WASHINGTON (Reuters) - Left-wing activists and politicians on Wednesday sharply criticized a plan to end U.S. taxation of most corporate offshore profits as endorsed by the Senate’s so-called “Gang of Six.”
In backing the idea of a territorial tax system, a deficit-reduction plan from the Gang of Six would hand multinational corporations a victory in their fight for lower and simpler taxes on profits they post outside the country.
The Business Roundtable, a lobbying group for the CEOs of many of the nation’s largest companies, praised the plan for “supporting lower corporate tax rates and moving toward a competitive territorial system of taxation.”
The Gang of Six plan is short on specifics and likely to change as Congress and President Barack Obama negotiate an increase in the U.S. debt ceiling. But the backing in the plan of territorial taxation alarmed liberal activists.
Citizens for Tax Justice, a group that advocates for fairer taxes for all, ripped into the plan. “We already have huge problems with corporations moving jobs overseas and shifting their profits to tax havens to reduce their U.S. tax bills,” said Robert McIntyre, director of the center.
“Giving corporations a permanent tax exemption for their purported offshore profits will make things much worse.”
Independent Senator Bernie Sanders said the plan would “hurt American workers by giving U.S. companies more incentives to avoid U.S. taxes by shipping jobs to low-tax countries.”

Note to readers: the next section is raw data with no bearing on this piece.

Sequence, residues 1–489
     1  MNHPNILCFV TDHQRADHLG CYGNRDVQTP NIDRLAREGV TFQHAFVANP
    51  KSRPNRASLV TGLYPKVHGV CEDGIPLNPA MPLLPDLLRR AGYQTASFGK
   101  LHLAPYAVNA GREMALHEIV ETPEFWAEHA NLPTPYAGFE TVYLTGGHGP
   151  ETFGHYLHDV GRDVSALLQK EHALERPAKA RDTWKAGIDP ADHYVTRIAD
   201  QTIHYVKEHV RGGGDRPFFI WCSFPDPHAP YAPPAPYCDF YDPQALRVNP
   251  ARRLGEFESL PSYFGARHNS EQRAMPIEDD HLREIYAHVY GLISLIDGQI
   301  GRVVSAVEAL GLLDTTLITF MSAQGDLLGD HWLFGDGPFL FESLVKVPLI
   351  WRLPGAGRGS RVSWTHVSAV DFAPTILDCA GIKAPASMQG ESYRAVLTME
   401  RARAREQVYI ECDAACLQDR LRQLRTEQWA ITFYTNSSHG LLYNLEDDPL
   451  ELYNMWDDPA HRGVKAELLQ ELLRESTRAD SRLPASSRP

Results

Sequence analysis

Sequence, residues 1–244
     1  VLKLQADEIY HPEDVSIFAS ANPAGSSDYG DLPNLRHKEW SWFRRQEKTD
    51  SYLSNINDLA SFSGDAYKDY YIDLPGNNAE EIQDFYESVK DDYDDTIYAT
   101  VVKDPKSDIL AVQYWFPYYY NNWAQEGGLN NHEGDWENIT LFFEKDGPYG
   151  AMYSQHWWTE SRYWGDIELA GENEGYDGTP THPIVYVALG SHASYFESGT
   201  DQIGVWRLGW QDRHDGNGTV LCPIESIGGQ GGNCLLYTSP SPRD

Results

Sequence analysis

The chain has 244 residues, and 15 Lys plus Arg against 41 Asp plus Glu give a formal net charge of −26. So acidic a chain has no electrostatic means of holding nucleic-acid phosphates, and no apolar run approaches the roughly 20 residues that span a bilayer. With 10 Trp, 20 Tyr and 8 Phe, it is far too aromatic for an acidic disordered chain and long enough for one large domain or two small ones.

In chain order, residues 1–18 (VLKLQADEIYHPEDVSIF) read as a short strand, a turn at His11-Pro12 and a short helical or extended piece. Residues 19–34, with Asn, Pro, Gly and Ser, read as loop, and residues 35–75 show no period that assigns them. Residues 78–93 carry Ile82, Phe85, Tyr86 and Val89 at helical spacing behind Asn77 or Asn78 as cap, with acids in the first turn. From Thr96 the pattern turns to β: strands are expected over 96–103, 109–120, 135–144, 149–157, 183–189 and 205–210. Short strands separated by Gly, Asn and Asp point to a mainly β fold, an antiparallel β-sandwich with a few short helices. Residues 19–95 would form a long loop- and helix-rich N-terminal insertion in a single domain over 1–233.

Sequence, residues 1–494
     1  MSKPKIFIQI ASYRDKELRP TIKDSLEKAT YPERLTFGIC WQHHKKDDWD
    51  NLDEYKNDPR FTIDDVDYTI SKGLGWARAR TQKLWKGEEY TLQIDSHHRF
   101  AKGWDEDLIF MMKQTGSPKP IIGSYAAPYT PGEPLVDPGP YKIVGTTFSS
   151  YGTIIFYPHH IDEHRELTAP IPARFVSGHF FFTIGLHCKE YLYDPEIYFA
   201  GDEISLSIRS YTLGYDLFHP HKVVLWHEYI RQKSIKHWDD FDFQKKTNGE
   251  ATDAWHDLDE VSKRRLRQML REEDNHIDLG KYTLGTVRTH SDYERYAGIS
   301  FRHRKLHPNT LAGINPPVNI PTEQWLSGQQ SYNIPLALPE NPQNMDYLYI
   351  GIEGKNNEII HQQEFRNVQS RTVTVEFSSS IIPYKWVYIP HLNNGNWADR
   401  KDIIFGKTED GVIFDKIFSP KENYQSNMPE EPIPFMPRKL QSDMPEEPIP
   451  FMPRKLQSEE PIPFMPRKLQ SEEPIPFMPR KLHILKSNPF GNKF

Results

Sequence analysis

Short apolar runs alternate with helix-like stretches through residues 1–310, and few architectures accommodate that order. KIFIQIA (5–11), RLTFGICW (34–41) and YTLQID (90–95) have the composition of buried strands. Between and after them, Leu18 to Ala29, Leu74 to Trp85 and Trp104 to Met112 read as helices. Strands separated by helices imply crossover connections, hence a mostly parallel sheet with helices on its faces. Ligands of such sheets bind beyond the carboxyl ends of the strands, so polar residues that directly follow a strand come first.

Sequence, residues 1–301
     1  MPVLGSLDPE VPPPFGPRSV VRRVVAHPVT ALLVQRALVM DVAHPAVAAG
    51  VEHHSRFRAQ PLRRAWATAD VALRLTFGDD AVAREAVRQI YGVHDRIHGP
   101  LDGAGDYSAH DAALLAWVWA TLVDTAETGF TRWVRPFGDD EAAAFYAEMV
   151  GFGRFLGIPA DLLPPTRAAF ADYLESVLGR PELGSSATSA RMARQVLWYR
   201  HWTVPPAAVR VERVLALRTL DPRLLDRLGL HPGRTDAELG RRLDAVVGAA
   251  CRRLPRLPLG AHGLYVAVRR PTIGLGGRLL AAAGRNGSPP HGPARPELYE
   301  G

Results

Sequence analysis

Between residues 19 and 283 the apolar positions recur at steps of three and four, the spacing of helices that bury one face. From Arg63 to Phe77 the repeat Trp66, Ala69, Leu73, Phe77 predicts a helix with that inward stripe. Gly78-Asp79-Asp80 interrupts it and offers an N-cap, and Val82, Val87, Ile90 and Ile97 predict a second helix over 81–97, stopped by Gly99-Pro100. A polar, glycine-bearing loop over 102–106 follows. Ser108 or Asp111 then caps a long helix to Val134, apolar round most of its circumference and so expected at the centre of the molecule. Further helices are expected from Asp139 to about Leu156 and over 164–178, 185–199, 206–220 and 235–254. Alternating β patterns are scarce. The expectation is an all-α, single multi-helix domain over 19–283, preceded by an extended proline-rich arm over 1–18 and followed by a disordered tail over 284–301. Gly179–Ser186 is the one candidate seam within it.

Unlike many nations, the United States taxes U.S.-based corporations’ profits no matter where they are earned, with an important exemption. Taxes on active profits earned overseas do not have to be paid right away. Instead, they can be deferred as long as the profits are not brought home, or repatriated.
At present, an estimated $1 trillion in profits is being held offshore by U.S. companies. They pay taxes on those profits to the countries where the profits are held but not to the United States under the complex deferral system.
A territorial system, backed by many businesses but not all, would end taxation of most overseas profits, aligning U.S. policy with that of Britain, Japan and other major powers.
Such a move would “give tax incentives for corporations to export good jobs overseas,” said Richard Trumka, president of the AFL-CIO labor organization in a statement.
Some corporations, such as retailers and others with few overseas operations, have little to gain from a territorial system. As a result, they might be cool to it if adopting it meant making trade-offs in other areas of the tax code.
The Gang of Six plan also endorses slashing and standardizing the corporate income tax rate to a range of 23 percent to 29 percent from the present top rate of 35 percent, while raising the same amount of revenue from it.
That goal could be attained by closing some corporate tax loopholes but the plan is not specific on that issue.
Editing by Bill Trott